Deployment to enrollment
Growing numbers of veterans become Lakers
by Leah Twilley
photos by Amanda Pitts
While stationed in Afghanistan for seven months from 2011-2012, Keith Eichholz wrote reports about information gathered in the field for his Marine Corps officers and others in the intelligence community.
Five years later, that writing experience influenced him to pursue a degree in journalism at Grand Valley.
“I took that job very seriously,” said Eichholz, a Marine Corps veteran. “I had to sift through a lot of information and decide what was important and present it in a concise, easy-to-read document.”
Eichholz, a native of Battle Creek, is one of 442 student veterans and service members who attended Grand Valley during the winter 2014 semester. That number is up from 199 student veterans in 2009.
Steven Lipnicki, assistant dean of students, said the number of student veterans using Veterans’ education benefits increases almost every year, both locally and nationally. As of September 2013, there were nearly 22 million veterans in the U.S., including 680,000 in Michigan.
Keith Eichholz, a Marine veteran and Spanish linguist, is now majoring in journalism.
“We think this number will increase as more troops are pulled out of Afghanistan and a force reduction takes place,” Lipnicki said. “This will mean more people in units who are based in Michigan will be coming home and pursuing career opportunities.”
Lipnicki said it is important to have an established network of support services and resources for student veterans when they make the transition to higher education. He helped form the Grand Valley Veterans Network in 2008, when university leaders came together to talk about supporting student veterans on campus.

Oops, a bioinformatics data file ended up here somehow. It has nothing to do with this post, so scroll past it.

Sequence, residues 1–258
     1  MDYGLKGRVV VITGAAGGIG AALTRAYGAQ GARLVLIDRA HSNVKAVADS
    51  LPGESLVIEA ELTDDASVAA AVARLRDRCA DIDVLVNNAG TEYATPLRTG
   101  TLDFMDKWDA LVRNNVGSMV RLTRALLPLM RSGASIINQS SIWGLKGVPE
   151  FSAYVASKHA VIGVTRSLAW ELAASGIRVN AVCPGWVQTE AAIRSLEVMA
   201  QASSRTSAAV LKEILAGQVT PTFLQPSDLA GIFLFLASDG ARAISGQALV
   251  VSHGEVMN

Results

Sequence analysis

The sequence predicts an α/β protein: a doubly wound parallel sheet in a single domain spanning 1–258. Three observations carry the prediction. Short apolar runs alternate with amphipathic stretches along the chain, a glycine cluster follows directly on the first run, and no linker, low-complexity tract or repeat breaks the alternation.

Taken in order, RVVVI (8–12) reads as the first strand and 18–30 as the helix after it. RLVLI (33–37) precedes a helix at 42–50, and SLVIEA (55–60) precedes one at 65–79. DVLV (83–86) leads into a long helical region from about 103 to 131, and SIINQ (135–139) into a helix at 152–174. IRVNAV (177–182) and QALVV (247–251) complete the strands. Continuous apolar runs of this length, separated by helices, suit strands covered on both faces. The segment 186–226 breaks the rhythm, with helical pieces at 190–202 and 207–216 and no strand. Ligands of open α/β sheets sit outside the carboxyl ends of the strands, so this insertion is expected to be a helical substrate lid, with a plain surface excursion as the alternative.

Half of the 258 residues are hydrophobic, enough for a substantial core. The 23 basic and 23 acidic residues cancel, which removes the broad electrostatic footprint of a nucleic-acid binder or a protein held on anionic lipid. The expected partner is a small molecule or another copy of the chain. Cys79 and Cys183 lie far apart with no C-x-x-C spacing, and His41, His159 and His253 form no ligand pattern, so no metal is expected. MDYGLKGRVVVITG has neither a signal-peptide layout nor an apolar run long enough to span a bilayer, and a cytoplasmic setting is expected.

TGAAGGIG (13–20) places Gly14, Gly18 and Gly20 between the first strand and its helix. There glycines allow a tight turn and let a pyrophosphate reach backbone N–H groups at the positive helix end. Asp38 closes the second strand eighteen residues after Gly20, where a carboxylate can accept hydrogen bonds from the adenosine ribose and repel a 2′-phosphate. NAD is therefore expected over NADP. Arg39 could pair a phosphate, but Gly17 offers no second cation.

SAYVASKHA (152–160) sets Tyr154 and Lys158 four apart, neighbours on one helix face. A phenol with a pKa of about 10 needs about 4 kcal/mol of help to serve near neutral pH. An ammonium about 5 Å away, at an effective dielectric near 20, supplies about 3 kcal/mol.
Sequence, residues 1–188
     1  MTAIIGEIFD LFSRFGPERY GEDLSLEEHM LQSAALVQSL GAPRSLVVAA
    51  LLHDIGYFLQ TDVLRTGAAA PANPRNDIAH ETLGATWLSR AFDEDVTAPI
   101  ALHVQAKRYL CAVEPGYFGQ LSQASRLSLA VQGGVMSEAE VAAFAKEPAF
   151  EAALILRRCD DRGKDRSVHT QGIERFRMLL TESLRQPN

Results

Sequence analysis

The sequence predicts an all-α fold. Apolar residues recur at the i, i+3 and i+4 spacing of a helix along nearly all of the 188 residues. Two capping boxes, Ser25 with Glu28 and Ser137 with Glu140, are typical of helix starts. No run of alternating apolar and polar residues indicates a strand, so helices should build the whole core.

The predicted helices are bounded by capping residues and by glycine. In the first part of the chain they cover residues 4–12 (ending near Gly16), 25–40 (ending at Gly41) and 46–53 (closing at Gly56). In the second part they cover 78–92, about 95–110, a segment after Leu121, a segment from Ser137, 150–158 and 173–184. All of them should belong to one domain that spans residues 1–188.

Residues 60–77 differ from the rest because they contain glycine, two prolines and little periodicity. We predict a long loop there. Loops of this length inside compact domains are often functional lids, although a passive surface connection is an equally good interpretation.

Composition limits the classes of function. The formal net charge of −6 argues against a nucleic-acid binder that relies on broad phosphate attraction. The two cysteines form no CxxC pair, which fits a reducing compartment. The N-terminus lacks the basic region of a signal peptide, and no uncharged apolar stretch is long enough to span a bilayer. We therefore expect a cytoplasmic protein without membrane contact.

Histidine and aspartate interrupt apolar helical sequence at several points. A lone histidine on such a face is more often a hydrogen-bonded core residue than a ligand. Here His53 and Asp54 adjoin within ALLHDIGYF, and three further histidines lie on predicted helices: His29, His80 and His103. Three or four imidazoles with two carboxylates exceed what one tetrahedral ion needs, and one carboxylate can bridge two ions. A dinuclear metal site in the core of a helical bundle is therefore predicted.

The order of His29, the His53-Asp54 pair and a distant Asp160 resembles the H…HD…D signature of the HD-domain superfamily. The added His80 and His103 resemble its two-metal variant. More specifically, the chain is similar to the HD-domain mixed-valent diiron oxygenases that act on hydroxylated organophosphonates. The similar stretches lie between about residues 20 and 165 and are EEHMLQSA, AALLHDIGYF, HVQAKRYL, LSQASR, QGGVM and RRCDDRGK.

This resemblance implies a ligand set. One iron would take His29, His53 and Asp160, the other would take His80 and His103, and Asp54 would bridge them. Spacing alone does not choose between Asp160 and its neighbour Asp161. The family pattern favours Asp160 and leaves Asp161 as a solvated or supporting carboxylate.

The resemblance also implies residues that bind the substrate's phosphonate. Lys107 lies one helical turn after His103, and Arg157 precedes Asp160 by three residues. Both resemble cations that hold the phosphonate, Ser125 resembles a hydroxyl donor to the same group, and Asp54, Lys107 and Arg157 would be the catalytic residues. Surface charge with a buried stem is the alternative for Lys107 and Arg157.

The network includes representatives from offices such as Admissions, Career Center, Dean of Students, Housing, Women’s Center, Disability Support Resources, Financial Aid, and Counseling Center.
“Our goal is to look at all the best practices and meet as many of those as we can to best serve our student veterans,” said Lipnicki.
Simeon Switzer, former graduate assistant for the Veterans Network and an Army veteran, said it can take time adjusting to civilian life after serving in the military. “You come from a tight-knit community while serving, so often, you’re looking for that same sense of camaraderie at school,” he said. “Meeting student veterans through the Student Veterans of America chapter on campus gave me the opportunity to develop those relationships and helped me integrate myself in a university setting.”
Eichholz clearly remembers his parents’ reaction when he told them he was going to join the Marine Corps. “My mom thought I lost my mind and my dad had a look of fear in his eye, but about 10 seconds into my explanation, it clicked for him and he thought it was a good fit,” he said.
The cut-off age to become a Marine is 28; Eichholz joined when he was 27. “I was a nontraditional joinee, just as I’m a nontraditional student now,” he said. “I was having financial difficulties and had always been patriotic. I knew I wanted to be a Marine because I think they’re the most tradition-rich and disciplined branch.”
After boot camp, Eichholz spent six months at the Defense Language Institute in California learning Spanish, which became his MOS (military occupational specialty), and worked for two months in Guatemala as a linguist interdicting drug traffickers.
“A Marine’s motto is ‘honor, courage and commitment’ and I’ve carried those values into my classes.”
— Keith Eichholz
Eichholz said being in Afghanistan was the most intense time of his life. “Since my main job was reporting, I didn’t go outside of the wire, but my best friend Schwartz was out there,” he said. “The plane ride back home was very surreal. Schwartz was to my left and I just remember thinking, we just spent six months in Afghanistan and there’s my best bud and he’s A-OK.”
Tiffany Kim, a veteran of the Marines, served as a field radio operator for four years in five countries.
After five years, Eichholz had the opportunity to stay in the Marine Corps, but knew he had to pursue his passion of writing. His first semester at Grand Valley was in the winter of 2014.